Attorney General of Arkansas — Opinion
Opinion Delivered August 27, 2003
MIKE BEEBE, Attorney General
The Honorable Charles L. Ormond State Representative 1500 View Street Morrilton, AR 72110-3725
Dear Representative Ormond:
You have presented the following questions for my opinion:
(1) Is it appropriate for the county to use 911 funds for the purchase of sign making equipment?
(2) If this is permissible, and the 911 funds are used in making road signs for the county then is it permissible for 911 to refuse to make signs for the city?
Question 1 — Is it appropriate for the county to use 911 funds for thepurchase of sign making equipment?
It is my opinion that it is appropriate for the county to use 911 funds for the purchase of sign making equipment only if the equipment is used exclusively for making signs that are necessary for the provision of 911 service in the area served by the county.
I assume that your reference to “911 funds” is a reference to the various charges and other sources of funds that are authorized for the support of 911 emergency service system under A.C.A. § 12-10-318 through -321. The authorized uses of such 911 funds are set forth in A.C.A. § 12-10-323. The pertinent part of that statute states:
(a)(1) Any revenue generated pursuant to §§ 12-10-318—12-10-321 may be expended only in direct connection with the provision of 911 services
and only for the following purposes:
* * *
(G) Supplies, equipment, public safety answering point personnel training, vehicles, and vehicle maintenance, if such items are solely and directly related to and incurred by the political subdivision in mapping, addressing, and readdressing a 911 system.
A.C.A. § 12-10-323(a)(1)(G) (emphasis added).
In my opinion, the above-quoted provision can readily be interpreted to include road and street signs that would be necessary to direct emergency service personnel to the addresses from which 911 calls are received. However, because this provision expressly limits expenditures to purposes that are solely and directly related to mapping, addressing, and readdressing for the provision of 911 services, it is my opinion that if the funds are used to purchase sign-making equipment, that equipment must be used exclusively to make signs that are necessary for the provision of 911 service in the area served by the county, and cannot be used to make other types of signs. I note that the statute states this limitation twice.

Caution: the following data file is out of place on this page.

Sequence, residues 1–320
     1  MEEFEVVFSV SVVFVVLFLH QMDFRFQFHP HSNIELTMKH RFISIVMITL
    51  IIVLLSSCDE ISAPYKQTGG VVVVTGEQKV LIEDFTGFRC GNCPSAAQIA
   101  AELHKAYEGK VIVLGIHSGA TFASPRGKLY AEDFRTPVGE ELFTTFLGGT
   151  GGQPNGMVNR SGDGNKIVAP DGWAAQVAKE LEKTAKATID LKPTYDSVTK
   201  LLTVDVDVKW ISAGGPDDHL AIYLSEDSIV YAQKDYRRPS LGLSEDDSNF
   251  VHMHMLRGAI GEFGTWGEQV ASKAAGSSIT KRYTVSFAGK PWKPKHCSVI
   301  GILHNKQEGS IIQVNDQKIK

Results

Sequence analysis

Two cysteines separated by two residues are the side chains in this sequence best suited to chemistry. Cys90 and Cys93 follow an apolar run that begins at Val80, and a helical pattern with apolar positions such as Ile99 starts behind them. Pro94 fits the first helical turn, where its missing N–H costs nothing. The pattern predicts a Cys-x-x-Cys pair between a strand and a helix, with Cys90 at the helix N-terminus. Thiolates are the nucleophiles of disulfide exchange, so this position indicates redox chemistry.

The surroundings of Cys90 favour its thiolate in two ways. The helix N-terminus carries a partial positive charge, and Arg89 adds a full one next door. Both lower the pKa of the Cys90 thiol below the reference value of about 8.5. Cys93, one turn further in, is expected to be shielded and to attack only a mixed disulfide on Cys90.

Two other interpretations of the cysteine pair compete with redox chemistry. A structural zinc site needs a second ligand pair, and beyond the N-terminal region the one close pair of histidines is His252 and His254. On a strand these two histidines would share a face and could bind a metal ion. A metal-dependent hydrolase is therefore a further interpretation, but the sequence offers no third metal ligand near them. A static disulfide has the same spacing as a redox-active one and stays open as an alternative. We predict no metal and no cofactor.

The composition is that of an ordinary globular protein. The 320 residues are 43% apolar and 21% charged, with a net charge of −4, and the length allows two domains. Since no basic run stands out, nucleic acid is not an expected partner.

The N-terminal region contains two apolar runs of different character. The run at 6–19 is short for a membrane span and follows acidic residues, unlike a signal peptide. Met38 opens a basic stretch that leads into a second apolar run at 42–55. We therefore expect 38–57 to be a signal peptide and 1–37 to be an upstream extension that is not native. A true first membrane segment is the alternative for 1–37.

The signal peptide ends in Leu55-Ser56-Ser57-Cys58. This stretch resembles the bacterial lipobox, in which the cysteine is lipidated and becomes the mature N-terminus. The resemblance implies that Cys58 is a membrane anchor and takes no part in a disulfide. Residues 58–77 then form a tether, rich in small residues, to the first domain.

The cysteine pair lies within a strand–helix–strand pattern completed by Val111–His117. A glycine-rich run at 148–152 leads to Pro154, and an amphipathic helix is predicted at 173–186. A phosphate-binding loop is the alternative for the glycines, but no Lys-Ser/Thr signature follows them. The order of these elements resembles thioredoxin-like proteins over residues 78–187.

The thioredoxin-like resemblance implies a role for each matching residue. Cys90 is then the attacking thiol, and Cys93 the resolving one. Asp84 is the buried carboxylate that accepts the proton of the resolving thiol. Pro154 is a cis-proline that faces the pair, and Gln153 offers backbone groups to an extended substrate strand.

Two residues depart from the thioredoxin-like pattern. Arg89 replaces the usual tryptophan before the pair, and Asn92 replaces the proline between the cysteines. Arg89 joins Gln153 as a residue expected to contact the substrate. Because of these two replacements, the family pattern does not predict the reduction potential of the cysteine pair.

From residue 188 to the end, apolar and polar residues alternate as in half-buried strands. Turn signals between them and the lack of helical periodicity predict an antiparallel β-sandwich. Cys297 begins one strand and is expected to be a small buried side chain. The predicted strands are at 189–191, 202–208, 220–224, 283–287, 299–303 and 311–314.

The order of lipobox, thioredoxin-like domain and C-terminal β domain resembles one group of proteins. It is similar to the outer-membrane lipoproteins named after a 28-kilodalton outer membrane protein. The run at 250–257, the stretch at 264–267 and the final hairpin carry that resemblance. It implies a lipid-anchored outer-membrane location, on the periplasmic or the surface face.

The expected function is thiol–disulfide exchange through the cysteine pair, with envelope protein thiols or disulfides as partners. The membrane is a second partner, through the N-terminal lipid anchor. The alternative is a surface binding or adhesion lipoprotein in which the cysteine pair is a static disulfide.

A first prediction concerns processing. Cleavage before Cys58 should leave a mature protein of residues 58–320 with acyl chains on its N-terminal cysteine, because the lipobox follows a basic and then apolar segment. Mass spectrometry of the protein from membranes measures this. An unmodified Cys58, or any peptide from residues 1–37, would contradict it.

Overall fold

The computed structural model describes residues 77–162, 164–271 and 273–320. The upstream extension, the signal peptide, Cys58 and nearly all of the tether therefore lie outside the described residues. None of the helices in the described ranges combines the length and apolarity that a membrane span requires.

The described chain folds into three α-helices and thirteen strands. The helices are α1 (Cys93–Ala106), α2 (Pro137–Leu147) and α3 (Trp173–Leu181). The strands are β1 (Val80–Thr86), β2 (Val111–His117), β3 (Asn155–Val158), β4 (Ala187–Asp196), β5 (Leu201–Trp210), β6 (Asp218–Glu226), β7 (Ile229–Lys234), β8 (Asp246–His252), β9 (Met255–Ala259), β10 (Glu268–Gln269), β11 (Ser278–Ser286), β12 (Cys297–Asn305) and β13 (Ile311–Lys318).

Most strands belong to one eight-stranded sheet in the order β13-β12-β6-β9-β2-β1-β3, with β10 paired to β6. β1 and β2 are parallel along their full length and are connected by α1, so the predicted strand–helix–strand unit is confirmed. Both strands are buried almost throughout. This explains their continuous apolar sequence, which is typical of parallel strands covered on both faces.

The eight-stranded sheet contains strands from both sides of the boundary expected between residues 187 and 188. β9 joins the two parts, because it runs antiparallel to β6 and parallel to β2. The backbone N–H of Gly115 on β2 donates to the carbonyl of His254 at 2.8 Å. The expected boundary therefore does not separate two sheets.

Question 2 — If this is permissible, and the 911 funds are used in makingroad signs for the county then is it permissible for 911 to refuse tomake signs for the city?
It is my opinion that the answer to this question will depend upon the arrangement between the city and the county concerning the provision of 911 service in the two political subdivisions.
Political subdivisions are authorized to enter into “mutual aid agreements” under which one political subdivision agrees to provide 911 service for the other political subdivision. A.C.A. § 12-10-305. Such agreements must include a stipulation of the fair share of funding to be contributed by the political subdivision being served. Id.
In order to determine whether a county is justified in refusing to use its sign-making equipment to make signs for a city, it will be necessary first to determine whether the county and the city have entered into a mutual aid agreement for the provision by the county of 911 service to the city. If the county and the city have entered into such an agreement, it will then be necessary to scrutinize the terms of the mutual aid agreement and evaluate whether those terms can be interpreted to place upon the county the responsibility for making the signs that would be required for the provision of 911 service to the city. I reiterate that 911 funds cannot be used to purchase equipment that is used for purposes that are not directly connected with the provision of 911 service. A.C.A. § 12-10-323.
Assistant Attorney General Suzanne Antley prepared the foregoing opinion, which I hereby approve.
MIKE BEEBE Attorney General